Study: Cost Increase When States Switch From Pensions to Individual Accounts

Alaska, Michigan, and West Virginia Experiences Offer Cautionary Examples to Policymakers

WASHINGTON, D.C., February 10, 2015- A series of new case studies finds that states that shifted retirement plans from defined benefit (DB) pension plans to defined contribution (DC) 401(k)-type individual accounts experienced higher costs. The case studies also indicate that the DB to DC switch exacerbated rather than solved any pension underfunding issues, and employees faced increased levels of retirement insecurity.

Case Studies of State Pension Plans that Switched to Defined Contribution Plans, by the National Institute on Retirement Security, presents summaries of changes in three states – Alaska, Michigan, and West Virginia – that made the switch from a DB pension to DC accounts.

The case studies examine key issues that impact pension plans, including demographic changes, the cost of providing benefits, actuarially required contributions (ARC), plan funding levels and retirement security for employees. The case studies indicate that the best way for a state to address any pension underfunding issue is to implement a responsible funding policy with full annual required contributions, and for states to evaluate assumptions and funding policies over time, making any appropriate adjustments.

Download the case studies here

Download a PowerPoint summary here.

"These case studies are important cautionary examples for policymakers examining retirement plans in their states," said Diane Oakley, National Institute on Retirement Security executive director. "It's clear that closing a pension plan to new employees doesn't fill overdue funding gaps or reduce the cost of providing employees' pensions, and in fact has had the exact opposite effect of increasing costs to taxpayers. Moreover, employees that moved to individual DC accounts found themselves with inadequate retirement account balances. We hope our research helps policymakers avoid the mistakes of these states. For example, West Virginia eventually moved back to the pension plan to shore up both plan funding and employees' retirement security," Oakley said.

In nearly all state and local pension plans, employees and employers share the responsibility for funding the pension plan. Investment returns also play an important role in funding retirement benefits. Nationally, employee contributions and investment returns cover about 75 percent of public pension retirement plan costs.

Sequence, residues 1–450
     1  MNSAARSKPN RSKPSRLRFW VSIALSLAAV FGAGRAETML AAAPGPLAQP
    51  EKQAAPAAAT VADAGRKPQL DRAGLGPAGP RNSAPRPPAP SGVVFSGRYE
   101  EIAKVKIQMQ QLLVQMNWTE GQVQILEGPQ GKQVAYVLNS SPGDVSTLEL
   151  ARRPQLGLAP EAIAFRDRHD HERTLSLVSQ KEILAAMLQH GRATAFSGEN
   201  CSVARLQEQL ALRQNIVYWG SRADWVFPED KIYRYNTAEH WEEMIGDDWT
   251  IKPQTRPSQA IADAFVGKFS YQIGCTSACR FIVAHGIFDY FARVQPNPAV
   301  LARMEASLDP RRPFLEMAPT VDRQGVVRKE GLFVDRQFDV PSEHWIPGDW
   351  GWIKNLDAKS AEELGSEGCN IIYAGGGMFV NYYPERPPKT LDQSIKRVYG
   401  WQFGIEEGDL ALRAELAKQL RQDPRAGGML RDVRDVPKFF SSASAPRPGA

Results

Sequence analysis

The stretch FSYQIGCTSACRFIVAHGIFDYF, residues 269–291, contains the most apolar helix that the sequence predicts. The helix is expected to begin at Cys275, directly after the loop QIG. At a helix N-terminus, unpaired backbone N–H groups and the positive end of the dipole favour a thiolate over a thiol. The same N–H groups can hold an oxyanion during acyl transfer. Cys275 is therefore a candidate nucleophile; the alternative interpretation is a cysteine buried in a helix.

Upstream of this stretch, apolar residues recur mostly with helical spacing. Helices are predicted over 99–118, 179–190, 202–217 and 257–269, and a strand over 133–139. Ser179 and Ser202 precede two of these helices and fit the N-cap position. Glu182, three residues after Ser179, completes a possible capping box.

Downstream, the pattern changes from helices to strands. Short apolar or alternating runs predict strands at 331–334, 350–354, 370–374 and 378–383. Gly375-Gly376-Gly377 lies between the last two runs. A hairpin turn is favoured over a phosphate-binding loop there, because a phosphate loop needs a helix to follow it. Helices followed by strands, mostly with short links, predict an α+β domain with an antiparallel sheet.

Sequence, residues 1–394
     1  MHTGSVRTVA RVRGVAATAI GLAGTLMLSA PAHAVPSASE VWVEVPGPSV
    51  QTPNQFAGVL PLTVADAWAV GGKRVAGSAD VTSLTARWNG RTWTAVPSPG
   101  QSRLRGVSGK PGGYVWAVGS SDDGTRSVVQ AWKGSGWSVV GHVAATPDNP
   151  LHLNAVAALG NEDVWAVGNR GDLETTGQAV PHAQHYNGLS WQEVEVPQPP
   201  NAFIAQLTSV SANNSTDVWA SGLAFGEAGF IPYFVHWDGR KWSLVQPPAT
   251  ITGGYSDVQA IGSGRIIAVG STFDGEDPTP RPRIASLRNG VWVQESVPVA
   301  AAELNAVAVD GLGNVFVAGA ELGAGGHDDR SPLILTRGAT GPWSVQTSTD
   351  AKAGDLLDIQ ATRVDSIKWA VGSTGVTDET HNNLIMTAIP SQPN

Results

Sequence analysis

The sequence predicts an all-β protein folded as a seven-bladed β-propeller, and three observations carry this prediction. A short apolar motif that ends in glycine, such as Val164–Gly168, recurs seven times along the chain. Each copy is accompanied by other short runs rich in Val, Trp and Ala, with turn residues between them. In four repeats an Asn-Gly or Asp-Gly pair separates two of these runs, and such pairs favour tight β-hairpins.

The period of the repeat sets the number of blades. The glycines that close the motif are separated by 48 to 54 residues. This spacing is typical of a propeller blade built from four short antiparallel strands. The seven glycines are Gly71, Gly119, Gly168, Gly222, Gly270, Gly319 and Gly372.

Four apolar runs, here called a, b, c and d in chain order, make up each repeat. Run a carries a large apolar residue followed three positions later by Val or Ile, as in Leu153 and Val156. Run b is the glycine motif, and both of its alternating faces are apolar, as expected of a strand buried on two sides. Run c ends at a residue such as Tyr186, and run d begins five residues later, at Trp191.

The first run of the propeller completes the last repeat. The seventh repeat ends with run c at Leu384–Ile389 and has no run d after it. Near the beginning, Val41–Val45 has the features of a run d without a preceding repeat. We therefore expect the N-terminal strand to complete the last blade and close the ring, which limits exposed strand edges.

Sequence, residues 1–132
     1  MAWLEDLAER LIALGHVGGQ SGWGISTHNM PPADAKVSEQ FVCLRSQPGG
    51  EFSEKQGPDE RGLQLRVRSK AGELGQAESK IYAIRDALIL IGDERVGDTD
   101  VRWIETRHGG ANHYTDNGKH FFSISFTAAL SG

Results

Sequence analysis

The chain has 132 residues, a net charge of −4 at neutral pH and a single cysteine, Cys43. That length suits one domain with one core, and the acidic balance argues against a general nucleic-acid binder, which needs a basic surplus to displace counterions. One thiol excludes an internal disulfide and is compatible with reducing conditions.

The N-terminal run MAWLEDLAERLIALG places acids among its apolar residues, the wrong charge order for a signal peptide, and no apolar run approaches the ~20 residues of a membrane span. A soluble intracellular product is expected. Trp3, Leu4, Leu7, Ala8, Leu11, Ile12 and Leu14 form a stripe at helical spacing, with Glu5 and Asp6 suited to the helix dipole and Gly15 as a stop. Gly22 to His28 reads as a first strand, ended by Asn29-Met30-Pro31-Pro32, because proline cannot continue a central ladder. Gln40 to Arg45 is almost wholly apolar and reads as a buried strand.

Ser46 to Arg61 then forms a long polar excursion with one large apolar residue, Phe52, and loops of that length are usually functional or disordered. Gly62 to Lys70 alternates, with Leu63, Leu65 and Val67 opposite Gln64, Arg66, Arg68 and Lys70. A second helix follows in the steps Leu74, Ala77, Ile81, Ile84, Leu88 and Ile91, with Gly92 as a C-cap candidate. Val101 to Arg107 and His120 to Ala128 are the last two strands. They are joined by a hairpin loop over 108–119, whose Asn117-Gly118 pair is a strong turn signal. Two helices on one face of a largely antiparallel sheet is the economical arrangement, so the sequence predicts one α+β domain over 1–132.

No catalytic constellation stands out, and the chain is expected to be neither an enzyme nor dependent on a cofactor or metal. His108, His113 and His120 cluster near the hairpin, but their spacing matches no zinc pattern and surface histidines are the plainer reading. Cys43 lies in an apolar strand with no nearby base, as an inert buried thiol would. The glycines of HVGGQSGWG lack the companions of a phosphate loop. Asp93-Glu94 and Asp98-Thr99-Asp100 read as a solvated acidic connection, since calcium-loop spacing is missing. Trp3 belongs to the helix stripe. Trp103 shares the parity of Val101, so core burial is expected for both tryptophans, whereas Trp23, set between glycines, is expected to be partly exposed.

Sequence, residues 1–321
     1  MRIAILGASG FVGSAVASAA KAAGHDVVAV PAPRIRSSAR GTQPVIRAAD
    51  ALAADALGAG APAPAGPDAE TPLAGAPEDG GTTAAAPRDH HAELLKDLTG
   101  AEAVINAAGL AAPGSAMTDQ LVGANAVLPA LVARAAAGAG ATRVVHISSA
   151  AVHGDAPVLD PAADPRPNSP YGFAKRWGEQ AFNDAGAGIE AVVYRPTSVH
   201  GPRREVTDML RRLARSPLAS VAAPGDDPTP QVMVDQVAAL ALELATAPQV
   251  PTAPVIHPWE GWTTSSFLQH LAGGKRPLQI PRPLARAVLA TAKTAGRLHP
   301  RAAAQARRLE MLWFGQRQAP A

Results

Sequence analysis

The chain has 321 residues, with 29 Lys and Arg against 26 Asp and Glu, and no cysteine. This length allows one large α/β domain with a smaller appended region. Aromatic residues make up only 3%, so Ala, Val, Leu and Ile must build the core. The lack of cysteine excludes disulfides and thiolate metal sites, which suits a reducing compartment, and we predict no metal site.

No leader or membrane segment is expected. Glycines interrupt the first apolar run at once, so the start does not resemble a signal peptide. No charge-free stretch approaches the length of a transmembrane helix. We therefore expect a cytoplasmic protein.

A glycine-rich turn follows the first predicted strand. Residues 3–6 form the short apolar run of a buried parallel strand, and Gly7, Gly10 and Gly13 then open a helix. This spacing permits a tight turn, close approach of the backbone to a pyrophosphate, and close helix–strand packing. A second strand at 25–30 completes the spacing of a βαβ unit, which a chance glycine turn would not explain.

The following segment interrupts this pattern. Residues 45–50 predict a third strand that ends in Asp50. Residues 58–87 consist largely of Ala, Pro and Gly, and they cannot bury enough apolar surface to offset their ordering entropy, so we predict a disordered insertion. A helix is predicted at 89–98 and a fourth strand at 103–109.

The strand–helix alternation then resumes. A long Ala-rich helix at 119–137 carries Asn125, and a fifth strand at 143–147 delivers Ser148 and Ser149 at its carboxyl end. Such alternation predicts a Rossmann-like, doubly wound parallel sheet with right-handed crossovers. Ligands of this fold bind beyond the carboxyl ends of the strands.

The case studies provide in-depth details for the following states:

  • In Alaska, legislation was enacted in 2005 that moved all employees hired after July 1, 2006 into DC accounts. At the time, the state faced a combined unfunded liability of $5.7 billion for its two DB pension plans and retiree health care trust. The unfunded liability was the result of the state's failure to adequately fund pensions over time, stock market declines and actuarial errors. Although the DC switch was sold as a way to slow down the increasing unfunded liability, the total unfunded liability more than doubled, ballooning to $12.4 billion by 2014. In 2014, the state made a $3 billion contribution to reduce the underfunding. Legislation has been introduced to move back to a DB pension plan.
  • In Michigan, the DB pension plan was overfunded at 109% in 1997. The state then closed the pension plan to new state employees who were offered DC accounts. The state thought it would save money with the switch, but the pension plan amassed a significant unfunded liability following the closure of the pension plan. By 2012, the funded status dropped to about 60% with $6.2 billion in unfunded liabilities. In recent years, the state has been more disciplined about funding the pension plan, making nearly 80% of the ARC from 2008-2013.
  • In West Virginia, the state closed the teacher retirement system in 1991 to new employees in the hopes it would address underfunding caused by the failure of the state and school boards to make adequate contributions to the pension. As the pension's funded status continued to deteriorate, retirement insecurity increased for teachers with the new DC accounts. Legislation was enacted to move back to the DB plan after a study found that providing equivalent benefits would be less expensive in the DB than in the DC plan. By 2008, new teachers were again covered by the pension, and most teachers who were moved to the DC plan opted to return to the pension. After reopening the DB pension, the state was disciplined about catching up on past contributions, and the plan funding level has increased by more than 100 percent since 2005. The teacher pension plan is expected to achieve full funding by 2034.